You’ve always got options. And in your in your career, you’ve always got some sort of element of control. And do you think that during the process of say, when you’re talking to the person, the mentor, at Procter and Gamble, what was sort of the comments that they they said to you, when you were coming to them for advice? What were the things they touched on? Was it to do with attitude, or was it to do with specific things.
Louise Baker 9:38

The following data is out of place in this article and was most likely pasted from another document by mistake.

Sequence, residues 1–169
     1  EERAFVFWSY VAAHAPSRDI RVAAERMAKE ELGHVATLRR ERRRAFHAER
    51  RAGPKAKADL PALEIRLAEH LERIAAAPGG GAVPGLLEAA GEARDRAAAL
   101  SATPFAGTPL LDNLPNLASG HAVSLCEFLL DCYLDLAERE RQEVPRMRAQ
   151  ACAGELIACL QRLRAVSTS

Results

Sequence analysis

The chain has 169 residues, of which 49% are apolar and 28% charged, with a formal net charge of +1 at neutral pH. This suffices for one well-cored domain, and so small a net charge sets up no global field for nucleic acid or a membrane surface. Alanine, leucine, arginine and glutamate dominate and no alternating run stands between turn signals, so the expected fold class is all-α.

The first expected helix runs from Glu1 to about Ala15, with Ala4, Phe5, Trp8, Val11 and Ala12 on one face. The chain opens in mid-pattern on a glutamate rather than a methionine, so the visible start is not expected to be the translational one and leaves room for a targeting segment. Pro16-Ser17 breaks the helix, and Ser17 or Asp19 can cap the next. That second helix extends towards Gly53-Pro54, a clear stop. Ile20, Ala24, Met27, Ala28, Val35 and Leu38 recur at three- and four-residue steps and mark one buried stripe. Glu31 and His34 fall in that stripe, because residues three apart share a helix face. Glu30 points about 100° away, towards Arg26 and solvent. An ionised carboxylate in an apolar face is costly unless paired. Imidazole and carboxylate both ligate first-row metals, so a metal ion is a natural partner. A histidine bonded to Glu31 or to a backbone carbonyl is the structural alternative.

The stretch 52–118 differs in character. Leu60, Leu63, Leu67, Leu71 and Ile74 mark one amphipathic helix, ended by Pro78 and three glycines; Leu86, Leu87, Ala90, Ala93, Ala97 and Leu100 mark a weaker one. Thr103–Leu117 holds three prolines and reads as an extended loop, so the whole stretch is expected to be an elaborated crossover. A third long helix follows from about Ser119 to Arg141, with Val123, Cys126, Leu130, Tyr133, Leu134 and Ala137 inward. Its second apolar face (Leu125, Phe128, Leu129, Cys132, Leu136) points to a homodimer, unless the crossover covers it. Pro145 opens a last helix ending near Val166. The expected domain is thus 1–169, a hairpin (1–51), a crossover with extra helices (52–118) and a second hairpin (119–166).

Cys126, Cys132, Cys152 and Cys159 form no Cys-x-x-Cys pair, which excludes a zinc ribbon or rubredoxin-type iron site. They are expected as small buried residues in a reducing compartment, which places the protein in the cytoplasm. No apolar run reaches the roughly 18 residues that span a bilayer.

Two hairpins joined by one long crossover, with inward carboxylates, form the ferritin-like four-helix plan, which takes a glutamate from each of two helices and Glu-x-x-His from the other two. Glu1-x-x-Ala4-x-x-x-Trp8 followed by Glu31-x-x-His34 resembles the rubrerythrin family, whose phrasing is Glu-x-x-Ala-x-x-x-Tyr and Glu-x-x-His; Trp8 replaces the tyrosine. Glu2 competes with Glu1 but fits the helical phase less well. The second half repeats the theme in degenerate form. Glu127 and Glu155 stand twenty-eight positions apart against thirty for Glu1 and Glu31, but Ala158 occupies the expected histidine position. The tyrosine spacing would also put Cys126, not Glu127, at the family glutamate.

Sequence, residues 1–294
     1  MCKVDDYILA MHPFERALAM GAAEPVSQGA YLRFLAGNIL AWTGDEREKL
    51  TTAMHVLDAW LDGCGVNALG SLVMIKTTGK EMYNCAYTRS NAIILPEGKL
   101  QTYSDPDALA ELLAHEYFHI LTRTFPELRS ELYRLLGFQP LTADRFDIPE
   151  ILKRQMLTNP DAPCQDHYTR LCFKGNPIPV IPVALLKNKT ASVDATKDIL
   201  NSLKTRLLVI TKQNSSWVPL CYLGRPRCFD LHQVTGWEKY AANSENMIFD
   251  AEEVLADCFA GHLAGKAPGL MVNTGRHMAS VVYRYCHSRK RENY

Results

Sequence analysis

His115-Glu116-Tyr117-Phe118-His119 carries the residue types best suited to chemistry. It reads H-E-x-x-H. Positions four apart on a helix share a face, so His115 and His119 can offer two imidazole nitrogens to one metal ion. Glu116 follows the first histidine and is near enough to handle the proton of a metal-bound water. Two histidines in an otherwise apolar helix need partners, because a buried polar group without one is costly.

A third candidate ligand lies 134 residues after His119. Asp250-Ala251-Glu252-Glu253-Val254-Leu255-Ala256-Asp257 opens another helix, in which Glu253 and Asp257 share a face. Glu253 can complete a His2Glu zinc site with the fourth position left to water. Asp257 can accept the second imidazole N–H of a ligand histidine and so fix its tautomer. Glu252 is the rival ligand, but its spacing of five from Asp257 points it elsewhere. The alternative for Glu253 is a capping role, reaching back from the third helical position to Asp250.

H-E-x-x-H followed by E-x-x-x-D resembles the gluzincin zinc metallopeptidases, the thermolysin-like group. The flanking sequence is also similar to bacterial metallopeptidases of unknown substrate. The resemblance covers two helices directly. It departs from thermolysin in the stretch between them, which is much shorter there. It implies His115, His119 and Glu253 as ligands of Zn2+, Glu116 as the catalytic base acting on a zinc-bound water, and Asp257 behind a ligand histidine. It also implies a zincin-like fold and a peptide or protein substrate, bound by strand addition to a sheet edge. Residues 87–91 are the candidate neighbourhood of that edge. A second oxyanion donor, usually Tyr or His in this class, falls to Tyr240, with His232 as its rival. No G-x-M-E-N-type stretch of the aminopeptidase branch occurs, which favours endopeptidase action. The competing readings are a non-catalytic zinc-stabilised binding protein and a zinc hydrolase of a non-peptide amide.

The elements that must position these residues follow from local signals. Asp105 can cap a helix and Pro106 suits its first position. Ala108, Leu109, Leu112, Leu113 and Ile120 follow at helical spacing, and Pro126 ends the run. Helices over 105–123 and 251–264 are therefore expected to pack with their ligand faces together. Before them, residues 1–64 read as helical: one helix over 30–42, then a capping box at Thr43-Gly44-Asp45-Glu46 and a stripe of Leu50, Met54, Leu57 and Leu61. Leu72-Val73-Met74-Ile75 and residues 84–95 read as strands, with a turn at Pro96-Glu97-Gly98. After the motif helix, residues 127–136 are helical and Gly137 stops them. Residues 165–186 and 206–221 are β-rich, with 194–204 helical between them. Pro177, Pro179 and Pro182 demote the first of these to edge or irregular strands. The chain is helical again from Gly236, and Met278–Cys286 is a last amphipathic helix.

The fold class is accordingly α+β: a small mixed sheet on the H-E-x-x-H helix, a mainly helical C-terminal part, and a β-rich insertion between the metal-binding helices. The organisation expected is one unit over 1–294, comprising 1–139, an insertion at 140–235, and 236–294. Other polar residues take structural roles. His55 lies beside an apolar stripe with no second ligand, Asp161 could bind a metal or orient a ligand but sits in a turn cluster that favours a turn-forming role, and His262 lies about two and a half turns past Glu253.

I think a real mixture. So, for us to be able to perform it’s a combination of will and skill. And so, will being attitude and then skill being capability. And I think mentoring can really help unlock both of those things. So, actually, in any sort of mentoring conversation, I’d be surprised if you if you weren’t having a conversation that encompassed will and skill. And certainly, at Procter & Gamble, there was huge recognition that both really mattered. Procter & Gamble recruits on sort of skill set. And they do that by asking people to give examples of times when they’ve shown leadership or shown the ability to problem solve, or been able to connect with people in a really effective way to overcome, you know, otherwise adverse relationships or challenges. And they do that because they understand – and there’s an understanding at Procter & Gamble – that the person’s attitude, and innate approach is so powerful. And then on top of that, you’re interested in experiences and skill set, of course, because will and skill is what leads to capability. And therefore, mentoring conversations really did span both. And I used to lead something that Procter & Gamble called the Learning Council. And that was all about building a coaching culture, because it was understood that that’s how you really unlock the genius. And that capability, get that tribal knowledge out, from the people, wherever it sits in the organisation. The more you can link and connect the people, the more you can unlock what sat in that, that human repository of excellence that is out there. Yeah.